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The Play’s the Thing

| Jan 21, 2019
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Months ago, I was cast in a local production of a play: Dracula. It isn’t my first time in a play as a woman – — no that was Vagina Monologues back in 2016. For that play, I did a team part, and a solo part (which I wrote myself.) After doing my solo part, the audience applauded wildly. It was me, standing in the lights, surrounded on three sides by applause. I was really happy. I wanted more.

Maid

In Costume.

So I kept auditioning, but I didn’t get another role until this one. In Dracula, I play a Maid. I have eight whole lines in three scenes. I also change scenery between scenes. I also volunteered to make a few creepy props. I ended up decorating a chair (hand painted and adding bones, etc) that appears in two scenes, a wine bottle for one, and a knife for one scene. Yay me. My Games Workshop scenery building experience served me well.

I’m taller than most of the people in the play. Significantly taller than some. That said, our Van Helsing in 6’5,” but we don’t appear in any scenes together. All through the rehearsal process, I’ve made no secret of my being transgender (not like it isn’t obvious anyway.) In fact, I’ve had fun with it. At one point, we were discussing transitions (changing the set between scenes) and how we all had to get faster at it. I said, in my best whiney voice “But I’m no good at transitioning!”

That got a good laugh all around.

Later in the process, I made a goof while changing the set, and a fellow actor said “I thought you were good at this transition thing!” I replied “Not really — I’ve only done it once.” Which again got laughs.

As I write this, it’s the second weekend of shows. Last weekend we sold out both shows, and this weekend we’ve already sold out all three. Assuming the weather holds.

The Chair

Very few of the cast had ever met a transgender person before me. I hope I’m making a good impression. Yet again, I’m in the role of Ambassador. After years at the bookstore, I’m used to it. To drag the old cliché out, all transgender people are ambassadors. So few of us (per capita) live our Truths.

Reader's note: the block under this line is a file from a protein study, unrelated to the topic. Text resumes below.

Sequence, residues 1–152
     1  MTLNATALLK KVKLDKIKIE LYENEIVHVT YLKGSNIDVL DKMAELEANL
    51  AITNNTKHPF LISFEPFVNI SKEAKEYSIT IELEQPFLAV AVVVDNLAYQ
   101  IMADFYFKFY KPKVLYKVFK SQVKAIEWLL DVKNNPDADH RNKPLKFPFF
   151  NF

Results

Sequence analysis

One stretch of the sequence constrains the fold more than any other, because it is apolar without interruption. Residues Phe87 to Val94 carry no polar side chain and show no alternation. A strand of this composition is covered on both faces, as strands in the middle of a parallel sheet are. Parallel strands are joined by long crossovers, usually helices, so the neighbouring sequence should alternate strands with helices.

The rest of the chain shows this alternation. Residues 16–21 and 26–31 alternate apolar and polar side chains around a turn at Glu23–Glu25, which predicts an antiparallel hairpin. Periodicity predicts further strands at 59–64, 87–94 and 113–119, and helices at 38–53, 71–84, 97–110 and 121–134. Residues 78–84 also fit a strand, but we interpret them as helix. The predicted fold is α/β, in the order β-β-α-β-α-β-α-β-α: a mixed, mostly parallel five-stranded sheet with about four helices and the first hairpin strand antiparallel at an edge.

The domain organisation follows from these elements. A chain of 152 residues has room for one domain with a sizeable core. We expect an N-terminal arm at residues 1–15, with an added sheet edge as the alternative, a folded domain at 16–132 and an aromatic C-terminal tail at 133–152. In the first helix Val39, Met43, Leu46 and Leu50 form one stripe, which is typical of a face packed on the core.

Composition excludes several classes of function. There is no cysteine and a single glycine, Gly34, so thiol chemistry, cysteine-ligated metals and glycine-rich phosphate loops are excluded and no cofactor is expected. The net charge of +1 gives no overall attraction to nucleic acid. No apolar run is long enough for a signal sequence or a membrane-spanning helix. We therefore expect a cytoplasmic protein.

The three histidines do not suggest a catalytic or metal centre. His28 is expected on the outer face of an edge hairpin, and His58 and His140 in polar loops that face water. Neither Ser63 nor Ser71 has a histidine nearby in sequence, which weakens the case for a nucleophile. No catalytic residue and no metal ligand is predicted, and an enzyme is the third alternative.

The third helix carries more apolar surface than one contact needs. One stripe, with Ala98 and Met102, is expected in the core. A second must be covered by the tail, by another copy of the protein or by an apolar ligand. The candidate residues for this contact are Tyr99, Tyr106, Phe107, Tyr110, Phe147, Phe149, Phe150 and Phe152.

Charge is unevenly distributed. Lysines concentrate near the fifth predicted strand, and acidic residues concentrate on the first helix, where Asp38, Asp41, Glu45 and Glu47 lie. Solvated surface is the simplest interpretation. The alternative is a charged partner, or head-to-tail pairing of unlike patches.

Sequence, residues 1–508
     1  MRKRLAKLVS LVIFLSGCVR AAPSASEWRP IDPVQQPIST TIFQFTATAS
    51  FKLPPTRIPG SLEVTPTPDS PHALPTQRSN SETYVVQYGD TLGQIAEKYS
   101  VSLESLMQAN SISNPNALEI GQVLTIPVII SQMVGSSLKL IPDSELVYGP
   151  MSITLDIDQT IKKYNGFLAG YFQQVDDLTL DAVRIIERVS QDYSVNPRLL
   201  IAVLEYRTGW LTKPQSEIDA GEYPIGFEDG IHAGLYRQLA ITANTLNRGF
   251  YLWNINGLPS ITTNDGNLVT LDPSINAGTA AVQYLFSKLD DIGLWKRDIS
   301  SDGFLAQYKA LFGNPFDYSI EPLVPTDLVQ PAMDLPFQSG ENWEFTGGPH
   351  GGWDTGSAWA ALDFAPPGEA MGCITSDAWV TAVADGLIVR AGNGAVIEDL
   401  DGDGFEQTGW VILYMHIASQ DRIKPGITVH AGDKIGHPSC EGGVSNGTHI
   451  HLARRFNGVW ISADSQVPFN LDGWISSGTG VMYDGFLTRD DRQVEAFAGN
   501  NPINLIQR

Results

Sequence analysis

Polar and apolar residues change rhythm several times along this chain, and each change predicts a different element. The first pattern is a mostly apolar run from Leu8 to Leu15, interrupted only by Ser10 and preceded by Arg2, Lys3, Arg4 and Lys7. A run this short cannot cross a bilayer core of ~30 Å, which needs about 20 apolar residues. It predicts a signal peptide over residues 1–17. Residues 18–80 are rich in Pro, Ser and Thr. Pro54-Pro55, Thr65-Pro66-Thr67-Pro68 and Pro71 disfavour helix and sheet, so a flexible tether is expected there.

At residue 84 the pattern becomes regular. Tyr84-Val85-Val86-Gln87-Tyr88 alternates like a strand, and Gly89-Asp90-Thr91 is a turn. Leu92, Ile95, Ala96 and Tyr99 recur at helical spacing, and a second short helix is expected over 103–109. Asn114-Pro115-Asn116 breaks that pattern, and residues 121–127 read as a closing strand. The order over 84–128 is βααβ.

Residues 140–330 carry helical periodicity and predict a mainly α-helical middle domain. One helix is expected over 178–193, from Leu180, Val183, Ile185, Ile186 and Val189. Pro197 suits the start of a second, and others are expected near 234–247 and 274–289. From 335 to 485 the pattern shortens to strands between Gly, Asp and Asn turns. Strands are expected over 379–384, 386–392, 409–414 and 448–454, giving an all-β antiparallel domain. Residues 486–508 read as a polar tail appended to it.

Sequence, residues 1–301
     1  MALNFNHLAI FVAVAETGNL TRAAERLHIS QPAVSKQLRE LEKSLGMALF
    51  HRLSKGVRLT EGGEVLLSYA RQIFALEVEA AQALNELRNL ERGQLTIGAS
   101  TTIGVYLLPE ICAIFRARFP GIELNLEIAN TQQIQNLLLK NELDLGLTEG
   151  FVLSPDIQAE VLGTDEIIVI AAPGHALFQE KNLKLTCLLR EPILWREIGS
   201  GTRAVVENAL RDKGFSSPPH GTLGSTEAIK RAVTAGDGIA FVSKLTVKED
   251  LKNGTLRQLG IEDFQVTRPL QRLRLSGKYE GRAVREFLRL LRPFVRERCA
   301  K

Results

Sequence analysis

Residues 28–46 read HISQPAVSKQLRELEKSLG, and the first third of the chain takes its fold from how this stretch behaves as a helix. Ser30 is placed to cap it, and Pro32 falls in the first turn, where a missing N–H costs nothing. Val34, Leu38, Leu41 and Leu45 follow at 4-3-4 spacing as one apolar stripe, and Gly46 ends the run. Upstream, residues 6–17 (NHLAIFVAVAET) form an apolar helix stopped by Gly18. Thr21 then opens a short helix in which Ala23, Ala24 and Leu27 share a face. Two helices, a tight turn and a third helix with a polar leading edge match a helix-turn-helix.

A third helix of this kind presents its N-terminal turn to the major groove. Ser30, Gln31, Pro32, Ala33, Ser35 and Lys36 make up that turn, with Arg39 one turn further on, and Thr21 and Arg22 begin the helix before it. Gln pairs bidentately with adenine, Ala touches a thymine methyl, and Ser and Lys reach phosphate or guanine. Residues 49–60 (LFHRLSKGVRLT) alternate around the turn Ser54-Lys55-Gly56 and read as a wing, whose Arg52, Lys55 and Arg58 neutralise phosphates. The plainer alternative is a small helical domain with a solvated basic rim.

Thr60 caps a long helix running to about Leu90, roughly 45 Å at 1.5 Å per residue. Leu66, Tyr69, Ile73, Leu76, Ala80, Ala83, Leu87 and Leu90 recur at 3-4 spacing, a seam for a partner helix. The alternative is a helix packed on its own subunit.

So it has been — after months of rehearsals, the play is on its second weekend of a three weekend run. After the show, the performers stay in the theater for a bit, speaking with the crowd, etc. The stars usually have a mob around them. The rest of us, not so much. I have had a few people speak with me, all of whom I know. That’s fine. I can get into the cramped dressing room before the others and change back into street clothes and go home.

Next weekend is the end of the run. After being around these people for months, we will go our separate ways — many to other productions. A few of us will just move on. I for one will miss having something to look forward to — something to keep my unemployed mind active. A couple of others in the play share my feelings — they don’t want it to end either.

But it will. “All Good Things,” and all that. Hopefully, I will have changed an opinion or two about transgender folks for the better.

I’ll let the immortal words of William Shakespeare conclude this:

If we shadows have offended,
Think but this, and all is mended,
That you have but slumber’d here
While these visions did appear.
And this weak and idle theme,
No more yielding but a dream,
Gentles, do not reprehend:
if you pardon, we will mend:
And, as I am an honest Puck,
If we have unearned luck
Now to ‘scape the serpent’s tongue,
We will make amends ere long;
Else the Puck a liar call;
So, good night unto you all.
Give me your hands, if we be friends,
And Robin shall restore amends.

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Category: Transgender Body & Soul

Sophie Lynne

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https://sophielynne1.blogspot.com/

Comments (2)

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  1. Wonderful experience, As an actor and a cross dresser, I haven’t had the opportunity to actually play a female part on stage, I have done a few “drag” roles – plays where a man is disguised as a woman – but actually playing a female character is a dream of mine.
    Break a leg, Sweetie!

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